NOAA 00-R202
Contact: Delores Clark


Dr. Sylvia Earle, National Geographic Society Explorer-in-Residence, brings her
latest ocean research and education project to Hawaii this week for a series of deep
ocean dives to explore the habitat of the humpback whale. The Sustainable Seas
Expeditions is a five -year project and so far has explored the depths of nine of
the Nation's 12 National Marine Sanctuaries, looking at the haunts of sea lions and
endangered turtles as well as coral reefs and the remains of the Monitor civil war wreck
off N.C. The SSE will conduct scientific dives, educational activities, and public events
in Hawaii during Jan. 10-25, hosted by the Hawaiian Islands Humpback Whale
National Marine Sanctuary

According to Earle, "It is always a pleasure to be in Hawaii, diving and enjoying the marvelous aloha of the deep! But this will be the first time to systematically map and document the creatures and their habitat. We will come away from this project with a scientific record previously unavailable that will help managers make wise decisions about the health of the sanctuary and its inhabitants."

"NOAA is very pleased with the results of the previous nine missions. This project has yielded a tremendous wealth of scientific data which might have taken years to gather without our partnership with National Geographic," said Sally Yozell, Deputy Assistant Secretary of Commerce for Oceans and Atmosphere.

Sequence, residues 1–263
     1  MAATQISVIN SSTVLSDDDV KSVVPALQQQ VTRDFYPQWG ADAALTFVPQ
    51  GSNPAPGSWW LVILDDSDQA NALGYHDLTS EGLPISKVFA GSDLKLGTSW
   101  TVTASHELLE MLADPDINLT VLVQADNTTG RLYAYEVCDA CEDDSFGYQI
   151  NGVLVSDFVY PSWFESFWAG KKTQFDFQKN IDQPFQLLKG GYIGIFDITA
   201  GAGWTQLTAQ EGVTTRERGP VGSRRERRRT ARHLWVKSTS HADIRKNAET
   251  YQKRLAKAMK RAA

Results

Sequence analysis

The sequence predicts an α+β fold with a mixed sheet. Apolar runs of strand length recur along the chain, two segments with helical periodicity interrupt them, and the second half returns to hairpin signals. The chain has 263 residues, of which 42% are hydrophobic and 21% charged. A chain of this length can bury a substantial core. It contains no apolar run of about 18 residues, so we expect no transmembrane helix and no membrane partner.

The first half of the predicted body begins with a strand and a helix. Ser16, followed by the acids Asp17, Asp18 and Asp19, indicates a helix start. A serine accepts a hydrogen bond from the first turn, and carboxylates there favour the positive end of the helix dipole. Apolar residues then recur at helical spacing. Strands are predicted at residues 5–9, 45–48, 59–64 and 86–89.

Scientists will use the DeepWorker, a one-person submersible, which can dive to depths of 2,000 ft. Provided by American Marine Corp., the sub is equipped with sophisticated sonar and communications systems for filming underwater and recording ocean sounds. It has two mechanical arms for sample retrievals. The submersible will operate in conjunction with the American Marine vessel American Islander, the NOAA Ship Ka'imimoana, and the Atlantis Adventures submarines in a series of dives,
Jan. 10-19.

About 300 Hawaii school students will participate in some of the dives and associated activities. They will receive national exposure via a program sponsored by the Hawaii Department of Education and KHET-TV called KidScience, which will air live locally on Jan. 11 and nationally on Jan. 25 to over 1 million people in 24 states.

"This is a marvelous opportunity for Hawaii's students, the whales, and the state," said Allen Tom, manager of the Hawaiian Humpback Whale Sanctuary. "The students are being exposed to hands-on science at an early age, and the state is getting visibility for its support to the humpback whale sanctuary."

Other educational activities for the students include the following:

Wednesday, Jan.12, 9:00 a.m. - 5:00 p.m.
Students and Teachers at Sea off Lahaina

Off the Island of Maui, three whale watch cruise boats donated by Trilogy Excursions, Pacific Whale Foundation, and Club Lanai will be used for student research. Selected students and their teachers from various middle and high schools on Oahu, Kauai, Maui, and the Big Island will participate in whale counts, record whale behavior, take fluke identification pictures, analyze whale songs, and assist with environmental assessments. Data will be posted, shared, and compared with data collected by researchers operating the submersibles.